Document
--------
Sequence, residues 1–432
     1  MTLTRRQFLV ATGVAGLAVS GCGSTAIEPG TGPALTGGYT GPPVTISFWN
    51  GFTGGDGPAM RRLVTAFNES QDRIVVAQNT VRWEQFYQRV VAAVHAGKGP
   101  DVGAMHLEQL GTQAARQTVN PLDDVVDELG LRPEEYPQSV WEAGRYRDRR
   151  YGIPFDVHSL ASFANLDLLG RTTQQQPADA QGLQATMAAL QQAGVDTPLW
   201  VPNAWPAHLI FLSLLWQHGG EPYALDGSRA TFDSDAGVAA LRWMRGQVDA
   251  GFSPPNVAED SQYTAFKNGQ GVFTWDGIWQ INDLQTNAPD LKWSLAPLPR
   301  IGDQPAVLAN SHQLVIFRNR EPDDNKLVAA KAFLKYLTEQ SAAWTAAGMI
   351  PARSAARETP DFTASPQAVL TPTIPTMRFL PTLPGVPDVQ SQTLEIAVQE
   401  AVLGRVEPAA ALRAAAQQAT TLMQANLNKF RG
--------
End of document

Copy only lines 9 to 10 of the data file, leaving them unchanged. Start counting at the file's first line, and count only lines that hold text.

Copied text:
   351  PARSAARETP DFTASPQAVL TPTIPTMRFL PTLPGVPDVQ SQTLEIAVQE
   401  AVLGRVEPAA ALRAAAQQAT TLMQANLNKF RG